Training up new leaders is an essential part of what I do. When I stand before God someday and own all of my life decisions, I will be more concerned with how well I molded future pastors and leaders rather than how many people I got to sit together in a room once a week. A healthy organization trains up new leaders through their own system. A church must train new leadership from within, or else it is doomed to become a place marked by aging members that look back fondly on “the good old days” when the music was great, the seats full, and “young people” were in abundance.
Today’s tragedy is that so many ministries focus on putting out a product crowds will consume in large quanities than take the time and effort to invest in individuals. The result can lead to mindset of consumer driven ministry, and consumer minded churchgoers. The problem? Consumers just consume. How many times have you heard a churchgoer complain that the band doesn’t sound a certain way, the pastors don’t do something they need to do, and the classic: “They just aren’t feeding me.” This is where investing in future leaders can be the difference between a room full of consuming critics, and a church full of like-minded disciples.
No leader can invest in everyone; we have to make decisions about how we spend our time. I can’t speak about how every leader decides who to invest in. I can comment how I select people to invest in. You just don’t have enough time to oversee everyone on a one to one basis, plain and simple. Deciding who NOT to invest in is of equal importance as well. Here are some of my personal rules:
Who I DO NOT invest in:
Those who constantly complain.
You know who they are; chances are your entire group does. Hopefully it isn’t you.
Someone that doesn’t take advice.
Did you ever know someone that has sought out advice from several people, but listens to none of it? More than wasting your time, they’re not interested in your advice unless it reinforces the decisions they’ve already made.
Someone who doesn’t know their own neighbors.
Get to know the people God Himself placed where you live each and every day. You are in their neighborhood for the purpose of the Gospel. Everything you own, all your gifts and talents, your connections, your job, and your bank account exist for the Gospel. Do you want your current and future church leaders to be people disconnected from the world around them? Take advantage of every opportunity. The place you live is the most commonly reccurring, repeating venue for the Gospel to be shared. I free up a lot of my schedule for guys who get this. I pour my life into them.
Someone who doesn’t want to be invested in.
I know we all love a feel-good story about a rebel who has a coach/teacher/leader that invests in them with tough love and works day and night to mold them until that rebel becomes a success like runner up league champion or the president of the USA. However, chances are you have so many people crying out for your attention that you’ll need to make some critical choices. Choose wisely; don’t let someone with a great attitude and a hunger to learn sit the bench in order to simply pay attention to the loudest, stinkiest, crying baby in the nursery.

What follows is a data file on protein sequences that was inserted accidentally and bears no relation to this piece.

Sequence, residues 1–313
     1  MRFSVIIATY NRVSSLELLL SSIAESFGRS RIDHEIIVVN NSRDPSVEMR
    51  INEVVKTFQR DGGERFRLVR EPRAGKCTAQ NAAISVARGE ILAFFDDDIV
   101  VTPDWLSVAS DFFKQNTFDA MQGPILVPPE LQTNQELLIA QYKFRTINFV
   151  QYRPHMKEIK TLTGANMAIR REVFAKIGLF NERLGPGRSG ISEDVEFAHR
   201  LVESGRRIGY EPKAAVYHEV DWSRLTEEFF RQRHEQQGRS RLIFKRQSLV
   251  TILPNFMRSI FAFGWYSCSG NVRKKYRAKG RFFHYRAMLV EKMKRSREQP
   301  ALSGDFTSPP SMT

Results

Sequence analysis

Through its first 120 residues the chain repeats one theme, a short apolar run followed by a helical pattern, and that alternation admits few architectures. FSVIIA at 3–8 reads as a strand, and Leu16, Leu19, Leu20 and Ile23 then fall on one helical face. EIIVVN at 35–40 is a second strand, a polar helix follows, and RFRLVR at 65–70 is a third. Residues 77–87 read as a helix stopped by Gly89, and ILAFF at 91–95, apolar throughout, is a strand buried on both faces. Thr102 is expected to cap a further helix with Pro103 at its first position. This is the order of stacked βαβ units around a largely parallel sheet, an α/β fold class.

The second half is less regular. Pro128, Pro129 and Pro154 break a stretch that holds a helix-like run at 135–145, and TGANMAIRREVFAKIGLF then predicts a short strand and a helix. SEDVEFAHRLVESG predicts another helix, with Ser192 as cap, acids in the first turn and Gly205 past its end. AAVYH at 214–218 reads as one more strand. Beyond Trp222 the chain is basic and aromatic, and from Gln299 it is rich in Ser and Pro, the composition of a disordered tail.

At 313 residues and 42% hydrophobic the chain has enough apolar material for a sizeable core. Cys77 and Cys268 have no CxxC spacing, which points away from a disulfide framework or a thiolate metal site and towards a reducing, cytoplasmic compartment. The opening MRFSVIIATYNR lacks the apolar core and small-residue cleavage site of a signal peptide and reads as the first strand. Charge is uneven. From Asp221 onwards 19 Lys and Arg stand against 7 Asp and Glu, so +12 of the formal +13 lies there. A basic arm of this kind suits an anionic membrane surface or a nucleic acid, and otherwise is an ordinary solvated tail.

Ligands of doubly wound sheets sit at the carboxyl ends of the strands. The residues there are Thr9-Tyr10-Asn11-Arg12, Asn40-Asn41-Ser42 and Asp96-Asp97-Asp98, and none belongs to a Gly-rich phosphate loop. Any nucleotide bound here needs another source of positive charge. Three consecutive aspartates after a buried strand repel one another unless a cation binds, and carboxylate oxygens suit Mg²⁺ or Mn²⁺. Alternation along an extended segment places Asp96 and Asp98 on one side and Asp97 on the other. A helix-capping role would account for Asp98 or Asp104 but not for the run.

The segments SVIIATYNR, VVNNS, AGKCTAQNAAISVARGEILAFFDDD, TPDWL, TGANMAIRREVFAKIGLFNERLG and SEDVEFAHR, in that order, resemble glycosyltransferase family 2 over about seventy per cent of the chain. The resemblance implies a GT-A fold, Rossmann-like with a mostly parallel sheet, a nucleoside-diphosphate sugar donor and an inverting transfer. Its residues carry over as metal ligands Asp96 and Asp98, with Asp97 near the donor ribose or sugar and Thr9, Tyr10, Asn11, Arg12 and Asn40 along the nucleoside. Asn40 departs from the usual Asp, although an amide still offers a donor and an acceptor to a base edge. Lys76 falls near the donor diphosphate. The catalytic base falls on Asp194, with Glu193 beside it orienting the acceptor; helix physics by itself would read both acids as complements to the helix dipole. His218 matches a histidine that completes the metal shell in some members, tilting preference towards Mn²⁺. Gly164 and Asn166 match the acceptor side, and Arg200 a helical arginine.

Who I invest in:
The Bad Kids:
Because they will never meet the expectations of the legalists, and they will never get a chance to grow in a consumer driven ministry. Sometimes the young guys with baggage turn out to be leaders and evangelists. They are works in progress; the word “progress” here is key. They drink, they smoke, the might even swear, and the consumers many times fall all over themselves condemning these guys. I’ll take a young, immature, flawed guy seeking God over a mature, polished, self-righteous jerk any day. Keep your phony smile; give me a young guy filled with angst and passion. God can do anything. Aren’t these the leaders we all yearn for?
The “Not as Talented as some other guy.”
It is interesting how we rate people in churches. Sometimes the most faithful people get overlooked for someone that has exceptional musical talent, a bigger paycheck, and a stunning physical appearance. But it is FAITHFULNESS, not SUCCESS, that God is after. Give me an average person who is faithful to the Gospel over someone who has looks, talent, and a life focused entirely on their personal gain.
2-6The servant grew up before God—a scrawny seedling,
a scrubby plant in a parched field.
There was nothing attractive about him,
nothing to cause us to take a second look.
He was looked down on and passed over,
a man who suffered, who knew pain firsthand.
One look at him and people turned away.
We looked down on him, thought he was scum.
But the fact is, it was our pains he carried—
our disfigurements, all the things wrong with us.
We thought he brought it on himself,
that God was punishing him for his own failures.
But it was our sins that did that to him,
that ripped and tore and crushed him—our sins!
He took the punishment, and that made us whole.
Through his bruises we get healed.
We’re all like sheep who’ve wandered off and gotten lost.
We’ve all done our own thing, gone our own way.
And God has piled all our sins, everything we’ve done wrong,
on him, on him. (Isaiah 53:2-6, The Message)
Someone who isn’t a consumer.
Did you ever ask someone why they go to church where they do? You generally hear about how much they enjoy listening to a teacher, how hip the music is, and how well that organization meets someone’s needs. When you find that rare individual that is a part of something in order to invest in others as opposed to what they get out of it personally and professionally, you have scored. Invest in that person.
Someone who wants to be like Jesus, and make Him known.
When it comes down to it, I invest in people who are trying day by day to be molded into a reflection of Jesus Christ.